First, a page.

A few weeks ago, I was contacted by a teacher at a local high school and asked if I would give a presentation to a group of students who love writing. I jumped at the opportunity because I strongly believe in encouraging young writers.
After the initial invitation, it turns out that I will now be giving four workshops for an entire day, which is evening more thrilling. As I prepare my notes, though, I find myself asking a key question. What should I tell them?
With over 35 years of writing and publishing experience, plenty of ups and downs, and a pretty good grasp of the challenges facing new writers, it would be far too easy to lapse into the disappointments and horror stories that many writers have endured. On the other hand, I don’t want to mislead the students into thinking that it’s all wonderful and profitable. Somehow, I’ve got to find the middle ground. The obvious strategy is to be candid and as positive as I can, but also realistic.
For the most part, I’ll be focusing on the nuts and bolts of writing and editing. Two groups will be spent discussing character development. The other two will concentrate on plotting, point of view, dialogue, themes, tense, and so forth.
At my request, I was sent a list of questions that the students have compiled, which includes getting published and making money, as well as dealing with writers’ block, making time to write, inspiration, and career choices. I hope I can give a well-rounded viewpoint in what is often a crazy frustrating business. But really, the day is all about writing and learning to express ourselves in the most meaningful way possible for each individual. Maybe I should lead with that.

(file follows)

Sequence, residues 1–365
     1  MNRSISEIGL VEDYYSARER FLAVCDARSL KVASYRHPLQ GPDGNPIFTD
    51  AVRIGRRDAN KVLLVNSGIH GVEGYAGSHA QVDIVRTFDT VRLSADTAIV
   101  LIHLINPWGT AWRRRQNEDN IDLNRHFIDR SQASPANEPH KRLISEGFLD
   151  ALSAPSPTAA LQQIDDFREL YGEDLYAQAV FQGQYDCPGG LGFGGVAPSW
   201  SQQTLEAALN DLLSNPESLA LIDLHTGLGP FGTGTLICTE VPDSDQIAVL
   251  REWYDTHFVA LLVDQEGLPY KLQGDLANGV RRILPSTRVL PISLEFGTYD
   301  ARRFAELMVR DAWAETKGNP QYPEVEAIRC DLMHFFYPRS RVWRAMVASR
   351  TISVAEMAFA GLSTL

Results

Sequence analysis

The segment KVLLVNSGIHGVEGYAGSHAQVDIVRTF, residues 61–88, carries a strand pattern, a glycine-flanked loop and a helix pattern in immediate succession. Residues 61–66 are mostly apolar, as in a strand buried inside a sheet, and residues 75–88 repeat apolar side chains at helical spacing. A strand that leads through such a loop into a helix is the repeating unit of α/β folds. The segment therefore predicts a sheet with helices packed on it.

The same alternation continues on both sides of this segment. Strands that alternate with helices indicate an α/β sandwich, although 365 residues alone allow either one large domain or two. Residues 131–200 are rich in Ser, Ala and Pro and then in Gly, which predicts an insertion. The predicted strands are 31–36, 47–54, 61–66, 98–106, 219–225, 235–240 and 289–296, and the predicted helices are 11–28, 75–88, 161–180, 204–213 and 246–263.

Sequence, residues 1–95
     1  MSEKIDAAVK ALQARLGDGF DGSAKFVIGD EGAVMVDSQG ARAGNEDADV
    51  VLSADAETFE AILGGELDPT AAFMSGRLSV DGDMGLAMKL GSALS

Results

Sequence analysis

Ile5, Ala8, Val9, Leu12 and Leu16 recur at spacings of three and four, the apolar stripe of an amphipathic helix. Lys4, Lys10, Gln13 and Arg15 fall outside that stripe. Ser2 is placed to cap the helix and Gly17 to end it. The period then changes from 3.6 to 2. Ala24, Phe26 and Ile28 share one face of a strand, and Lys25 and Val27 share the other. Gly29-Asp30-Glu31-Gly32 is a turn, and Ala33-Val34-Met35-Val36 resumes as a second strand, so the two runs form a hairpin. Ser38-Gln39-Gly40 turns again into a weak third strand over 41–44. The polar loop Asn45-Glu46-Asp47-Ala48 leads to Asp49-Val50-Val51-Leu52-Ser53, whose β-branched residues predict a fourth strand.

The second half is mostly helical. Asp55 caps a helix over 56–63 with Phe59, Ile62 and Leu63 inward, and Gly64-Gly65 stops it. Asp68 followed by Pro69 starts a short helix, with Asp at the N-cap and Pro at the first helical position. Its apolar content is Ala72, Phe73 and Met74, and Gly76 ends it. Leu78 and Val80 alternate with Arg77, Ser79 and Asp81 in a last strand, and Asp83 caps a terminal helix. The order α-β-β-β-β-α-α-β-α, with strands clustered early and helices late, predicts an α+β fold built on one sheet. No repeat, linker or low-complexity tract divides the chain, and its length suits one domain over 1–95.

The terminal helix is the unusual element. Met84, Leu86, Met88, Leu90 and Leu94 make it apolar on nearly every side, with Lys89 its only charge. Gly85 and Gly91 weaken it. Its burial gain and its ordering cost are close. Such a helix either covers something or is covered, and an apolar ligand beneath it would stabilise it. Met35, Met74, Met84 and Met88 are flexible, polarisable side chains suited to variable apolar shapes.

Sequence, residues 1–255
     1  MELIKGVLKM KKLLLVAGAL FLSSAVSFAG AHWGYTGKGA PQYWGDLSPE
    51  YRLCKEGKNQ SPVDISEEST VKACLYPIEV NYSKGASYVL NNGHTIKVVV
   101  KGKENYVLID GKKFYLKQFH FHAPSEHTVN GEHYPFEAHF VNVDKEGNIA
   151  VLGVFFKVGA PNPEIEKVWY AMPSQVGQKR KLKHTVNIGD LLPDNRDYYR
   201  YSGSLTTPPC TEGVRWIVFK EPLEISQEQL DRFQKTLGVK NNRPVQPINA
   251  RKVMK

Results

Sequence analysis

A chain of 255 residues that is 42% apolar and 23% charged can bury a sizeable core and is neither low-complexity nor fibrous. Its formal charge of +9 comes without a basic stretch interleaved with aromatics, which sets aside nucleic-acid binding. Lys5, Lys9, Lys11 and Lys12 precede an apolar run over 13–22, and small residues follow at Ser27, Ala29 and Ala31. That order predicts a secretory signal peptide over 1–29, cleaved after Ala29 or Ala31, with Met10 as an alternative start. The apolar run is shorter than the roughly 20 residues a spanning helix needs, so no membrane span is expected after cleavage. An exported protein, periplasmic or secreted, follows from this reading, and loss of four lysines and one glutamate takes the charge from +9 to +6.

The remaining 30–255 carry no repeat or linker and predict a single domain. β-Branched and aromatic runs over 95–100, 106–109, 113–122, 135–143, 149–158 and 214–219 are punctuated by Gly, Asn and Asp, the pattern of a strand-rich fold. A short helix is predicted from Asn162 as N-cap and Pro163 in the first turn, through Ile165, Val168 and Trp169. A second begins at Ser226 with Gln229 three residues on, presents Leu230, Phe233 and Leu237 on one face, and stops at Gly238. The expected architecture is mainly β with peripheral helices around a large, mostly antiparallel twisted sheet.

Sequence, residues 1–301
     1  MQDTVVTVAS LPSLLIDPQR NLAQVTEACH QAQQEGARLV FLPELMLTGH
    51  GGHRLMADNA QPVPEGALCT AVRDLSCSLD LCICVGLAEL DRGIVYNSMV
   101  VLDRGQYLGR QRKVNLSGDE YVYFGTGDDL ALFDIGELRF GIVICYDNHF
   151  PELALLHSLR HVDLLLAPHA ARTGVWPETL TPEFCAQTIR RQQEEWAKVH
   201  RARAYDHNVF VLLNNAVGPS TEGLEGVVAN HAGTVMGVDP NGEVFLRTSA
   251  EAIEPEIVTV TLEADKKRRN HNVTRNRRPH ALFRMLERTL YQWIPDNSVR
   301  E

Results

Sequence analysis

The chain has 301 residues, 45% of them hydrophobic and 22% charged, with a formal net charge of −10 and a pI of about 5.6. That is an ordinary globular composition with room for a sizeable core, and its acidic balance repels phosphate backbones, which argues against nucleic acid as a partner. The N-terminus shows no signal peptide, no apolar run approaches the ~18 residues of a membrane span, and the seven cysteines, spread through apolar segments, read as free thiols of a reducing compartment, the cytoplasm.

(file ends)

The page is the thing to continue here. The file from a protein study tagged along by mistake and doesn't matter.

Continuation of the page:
Fall is one of the most energizing times of the year for me. There are many terrific events to attend…book launches, conferences, workshops, readings, book clubs, and so on. It would be impossible to list everything happening in this blog, but if you live in Metro Vancouver, take a look at the Events listings from the Federation of BC Writers HERE.
One of their listings is for the Golden Ears Writers & Readers Festival on Sun., Sept. 30 from 10:00 – 3:00 p.m. There will be workshops, speakers, a blue pencil café, the Great Canadian Literature Tea, and of course books for sale. I’m delighted to be part of the blue pencil team again this year. It’s a fun event held in Maple Ridge at The ACT Arts Centre, 11944 Haney Place in Maple. Check out their Face book page for more info HERE.
The annual WORD Vancouver festival is back from Sept. 26 – 30 (the main event is on the 30th) This celebration of literary and reading will feature many author readings, bookselling tables, workshops, panels, and all kinds of fun stuff. It’s a free, family-friendly event that’s held both outdoor and indoors down at and around Vancouver’s main public library on Georgia St. Crime Writers of Canada will have a table there as usual, and what I’m sure will be a lively panel discussion about crime writing. You can learn more about the festival HERE
The annual Vancouver Writers Fest is also back with another lineup of big-name authors that include Ian Rankin, Jodi Picoult, and Miriam Toews. The festival runs from October 15 – 21st and some of the tickets are already sold out, but there are still plenty of terrific authors to see. The events are set at different locations in Vancouver, so check out their website HERE.
So get out there and have fun!
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